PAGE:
International Conference: Art Born in the Revolution: Russian Art and the State 1917-1932
With guest speakers including John Bowlt, Maria Gough, Christina Kiaer, Christina Lodder and Robert Service
The Royal Academy of Arts, in association with the Courtauld Institute of Art, presents a two-day academic conference to coincide with the exhibition Revolution: Russian Art 1917–1932 for scholars, students and those interested in the period.
Turned overnight into the ruling party, the Bolsheviks aimed to use the power of mass propaganda in order to establish their founding mythology and disseminate their ideas to an overwhelmingly rural and illiterate population. In 1917 the leader of the new Bolshevik state, Vladimir Lenin, proclaimed that culture should support political needs.
The first day of the conference is held at the Courtauld Institute of Art and aims to address the question of how useful visual art was to the revolution, as well as the ways in which cinema, printed media and consumer goods were used for propaganda purposes. The second day considers the death and immortalisation of key revolutionary figures, such as Lenin, and the consequent establishment of autocratic rule under Stalin, alongside the impact that social, political and economic developments had on the visual arts and culture.
Organised by Dr Natalia Murray, the Courtauld Institute of Art. Full conference programme below. Please note that each day requires a separate booking.
Day one: Friday 24 February 2017 - The Courtauld Institute of Art
2pm – 6.45pm (registration from 1.30pm)
Tickets £16 (£11 concession)
Kenneth Clark Lecture Theatre, The Courtauld Institute of Art, Somerset House, WC2R 0RN
Day two: Saturday 25 February 2017 - The Royal Academy of Arts
10.30am – 6.30pm (registration from 10am)
Tickets £50 (including entry into the exhibition, refreshments and drinks)
Reynolds Room, Royal Academy of Arts, Burlington House, Piccadilly, Mayfair, W1J 0BD
Exhibition: A Revolutionary Impulse: The Rise of the Russian Avant-Garde at MoMA
On December 3, 2016, the exhibition “A Revolutionary Impulse: The Rise of the Russian Avant-Garde” opened at The Museum of Modern Art, New York; it will be on view until 12 March 2017. The exhibition traces the arc of the pioneering Russian avant-garde from its earliest flowering in 1912 to the moment of the Stalinist decree in 1934. Bringing together almost 300 breakthrough objects across mediums from MoMA’s extraordinary collection, the exhibition, planned in anticipation of the centennial of the Russian Revolution, probes the myriad ways that an object can be revolutionary.
The exhibition will be complemented by a public program “The Russian Avant-Garde: Scholars Respond” on February 8, 2017 from 6-8pm. Admission is free but a reservation is required.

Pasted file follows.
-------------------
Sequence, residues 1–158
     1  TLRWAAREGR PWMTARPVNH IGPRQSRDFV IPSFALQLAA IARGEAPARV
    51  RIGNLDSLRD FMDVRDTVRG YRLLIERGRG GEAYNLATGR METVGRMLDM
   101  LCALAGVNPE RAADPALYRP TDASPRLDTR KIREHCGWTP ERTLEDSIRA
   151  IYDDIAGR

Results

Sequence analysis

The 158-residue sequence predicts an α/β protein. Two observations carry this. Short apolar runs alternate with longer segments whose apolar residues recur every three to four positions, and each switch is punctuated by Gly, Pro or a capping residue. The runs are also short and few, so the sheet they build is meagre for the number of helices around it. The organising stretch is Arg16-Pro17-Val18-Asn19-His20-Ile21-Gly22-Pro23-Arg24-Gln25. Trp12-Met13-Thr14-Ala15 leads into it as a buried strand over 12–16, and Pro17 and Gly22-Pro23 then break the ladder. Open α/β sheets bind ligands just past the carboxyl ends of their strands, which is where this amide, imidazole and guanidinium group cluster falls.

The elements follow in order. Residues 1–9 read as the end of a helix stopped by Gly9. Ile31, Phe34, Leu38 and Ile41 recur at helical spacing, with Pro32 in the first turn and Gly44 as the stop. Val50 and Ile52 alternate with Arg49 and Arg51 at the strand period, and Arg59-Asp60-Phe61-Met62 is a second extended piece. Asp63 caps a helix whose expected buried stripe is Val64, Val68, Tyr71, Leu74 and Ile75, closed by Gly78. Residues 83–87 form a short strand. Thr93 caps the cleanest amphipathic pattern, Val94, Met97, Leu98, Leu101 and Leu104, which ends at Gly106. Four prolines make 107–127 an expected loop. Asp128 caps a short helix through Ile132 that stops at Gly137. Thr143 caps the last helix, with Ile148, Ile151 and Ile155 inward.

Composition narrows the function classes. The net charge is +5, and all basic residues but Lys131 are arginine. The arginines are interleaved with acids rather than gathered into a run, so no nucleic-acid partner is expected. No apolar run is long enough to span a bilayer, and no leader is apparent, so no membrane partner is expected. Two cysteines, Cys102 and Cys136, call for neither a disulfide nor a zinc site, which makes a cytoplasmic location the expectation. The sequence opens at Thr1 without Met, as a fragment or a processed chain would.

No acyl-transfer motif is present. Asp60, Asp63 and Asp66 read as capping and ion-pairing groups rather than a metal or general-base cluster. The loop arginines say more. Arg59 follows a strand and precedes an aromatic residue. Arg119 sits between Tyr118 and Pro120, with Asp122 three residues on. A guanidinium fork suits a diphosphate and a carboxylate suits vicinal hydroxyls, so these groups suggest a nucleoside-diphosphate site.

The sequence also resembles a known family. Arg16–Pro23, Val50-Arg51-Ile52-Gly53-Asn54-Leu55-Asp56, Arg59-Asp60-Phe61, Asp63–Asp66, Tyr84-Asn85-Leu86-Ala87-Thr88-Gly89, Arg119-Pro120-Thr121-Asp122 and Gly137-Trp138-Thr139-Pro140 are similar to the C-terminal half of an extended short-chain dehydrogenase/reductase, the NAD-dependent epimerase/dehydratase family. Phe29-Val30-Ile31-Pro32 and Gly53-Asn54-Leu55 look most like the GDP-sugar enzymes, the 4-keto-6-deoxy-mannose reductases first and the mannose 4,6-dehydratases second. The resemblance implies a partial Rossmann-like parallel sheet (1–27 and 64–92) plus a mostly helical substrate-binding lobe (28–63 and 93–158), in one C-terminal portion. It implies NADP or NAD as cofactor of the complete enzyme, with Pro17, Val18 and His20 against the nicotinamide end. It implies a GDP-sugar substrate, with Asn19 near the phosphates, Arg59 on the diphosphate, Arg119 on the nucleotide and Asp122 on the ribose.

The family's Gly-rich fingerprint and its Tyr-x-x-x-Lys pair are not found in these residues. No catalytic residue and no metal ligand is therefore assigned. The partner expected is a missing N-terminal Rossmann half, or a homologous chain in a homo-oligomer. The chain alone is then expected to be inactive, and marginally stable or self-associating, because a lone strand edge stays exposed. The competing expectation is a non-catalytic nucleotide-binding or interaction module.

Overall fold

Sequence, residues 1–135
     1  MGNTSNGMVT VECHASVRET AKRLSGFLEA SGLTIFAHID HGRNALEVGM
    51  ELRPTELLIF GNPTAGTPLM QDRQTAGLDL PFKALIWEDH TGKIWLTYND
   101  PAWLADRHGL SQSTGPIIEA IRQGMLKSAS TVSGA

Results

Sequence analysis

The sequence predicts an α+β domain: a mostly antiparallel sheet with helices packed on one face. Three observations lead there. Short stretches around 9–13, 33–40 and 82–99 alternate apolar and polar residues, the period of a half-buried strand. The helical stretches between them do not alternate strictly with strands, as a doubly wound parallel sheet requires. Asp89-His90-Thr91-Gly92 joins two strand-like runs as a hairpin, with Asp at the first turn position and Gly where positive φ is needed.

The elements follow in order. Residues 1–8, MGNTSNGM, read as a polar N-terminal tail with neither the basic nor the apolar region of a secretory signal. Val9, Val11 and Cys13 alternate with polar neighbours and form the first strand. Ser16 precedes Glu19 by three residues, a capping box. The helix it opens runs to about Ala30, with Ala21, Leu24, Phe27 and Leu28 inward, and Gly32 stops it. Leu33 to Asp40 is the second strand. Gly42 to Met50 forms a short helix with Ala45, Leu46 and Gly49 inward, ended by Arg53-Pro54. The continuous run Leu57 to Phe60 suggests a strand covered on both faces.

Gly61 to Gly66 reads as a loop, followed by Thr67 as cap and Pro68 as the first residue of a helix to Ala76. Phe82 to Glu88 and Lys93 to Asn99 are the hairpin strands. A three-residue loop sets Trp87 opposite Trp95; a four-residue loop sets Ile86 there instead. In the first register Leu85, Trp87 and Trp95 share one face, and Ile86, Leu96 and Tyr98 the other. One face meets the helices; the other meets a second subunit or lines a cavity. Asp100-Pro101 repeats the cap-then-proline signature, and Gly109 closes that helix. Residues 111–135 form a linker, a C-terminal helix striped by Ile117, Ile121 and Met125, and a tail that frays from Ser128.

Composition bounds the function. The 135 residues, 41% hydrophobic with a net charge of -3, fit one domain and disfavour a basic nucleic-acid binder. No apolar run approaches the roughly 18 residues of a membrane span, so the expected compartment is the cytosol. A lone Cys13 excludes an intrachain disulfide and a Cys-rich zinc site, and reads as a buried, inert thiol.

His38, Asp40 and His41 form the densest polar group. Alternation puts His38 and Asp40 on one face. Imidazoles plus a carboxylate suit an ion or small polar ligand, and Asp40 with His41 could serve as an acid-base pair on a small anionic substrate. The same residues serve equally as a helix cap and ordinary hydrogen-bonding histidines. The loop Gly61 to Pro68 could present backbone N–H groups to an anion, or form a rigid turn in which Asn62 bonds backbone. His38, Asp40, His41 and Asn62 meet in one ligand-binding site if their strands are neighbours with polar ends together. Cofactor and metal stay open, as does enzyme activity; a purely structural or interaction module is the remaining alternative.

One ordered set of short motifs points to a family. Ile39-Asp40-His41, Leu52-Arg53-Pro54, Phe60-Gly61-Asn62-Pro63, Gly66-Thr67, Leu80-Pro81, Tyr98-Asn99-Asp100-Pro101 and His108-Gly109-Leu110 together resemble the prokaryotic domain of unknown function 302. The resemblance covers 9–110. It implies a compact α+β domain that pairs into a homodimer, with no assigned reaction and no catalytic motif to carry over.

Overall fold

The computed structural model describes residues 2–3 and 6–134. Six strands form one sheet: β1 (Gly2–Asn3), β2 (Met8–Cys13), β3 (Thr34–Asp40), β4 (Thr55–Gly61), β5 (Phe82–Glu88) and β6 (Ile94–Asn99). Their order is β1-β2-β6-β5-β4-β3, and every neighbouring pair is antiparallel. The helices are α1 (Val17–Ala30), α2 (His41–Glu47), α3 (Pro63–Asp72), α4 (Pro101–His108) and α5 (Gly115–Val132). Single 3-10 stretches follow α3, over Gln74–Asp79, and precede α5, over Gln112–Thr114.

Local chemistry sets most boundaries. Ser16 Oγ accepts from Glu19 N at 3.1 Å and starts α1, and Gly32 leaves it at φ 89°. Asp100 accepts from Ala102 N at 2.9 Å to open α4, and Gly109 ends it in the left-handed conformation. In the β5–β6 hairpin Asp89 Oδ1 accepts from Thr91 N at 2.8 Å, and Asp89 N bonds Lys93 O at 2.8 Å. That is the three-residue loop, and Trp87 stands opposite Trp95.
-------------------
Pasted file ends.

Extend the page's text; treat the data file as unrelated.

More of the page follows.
CFP: The Royal Palace in the Europe of Revolutions (Paris, January 2017)
Deadline: Aug 31, 2016
The Royal Palace in the Europe of Revolutions
International symposium organized by Basile Baudez and Adrián Almoguera
Centre André Chastel, Paris
Conference languages: English, French, Italian
Since the publication of Nikolaus Pevsner’s History of Building Types in 1976, architectural historians have been alert to the importance of typologies for rethinking their discipline. As analyzed by Werner Szambien or Jacques Lucan, thinking through types allowed for the articulation of concepts of convenance, character and composition in both public and private commissions. Along with metropolitan churches and royal basilicas, in ancien régime Europe princely palaces represented the most prestigious program an architect could expect. For a period in which the divine right of kings was being called into question, however, what happened to the physical structures of royal or princely power, symbol of political authority and dynastic seats? Did the national models of the Escorial, Versailles, Het Loo or Saint James palaces still hold, even in light of new models made available through the publication of archeological discoveries in Rome or Split? The second half of the eighteenth and first half of the nineteenth century represent a moment of intense construction or reconstruction of the principal European palaces, from Caserta to Buckingham Palace, Saint-Petersburg to Lisbon, Versailles to Coblenz. This trend, addressed by Percier and Fontaine in their Résidences des souverains de France, d’Allemagne, de Russie, etc. (1833), took place in a Europe that was undergoing political developments that altogether changed the nature and symbolic structure of princely power.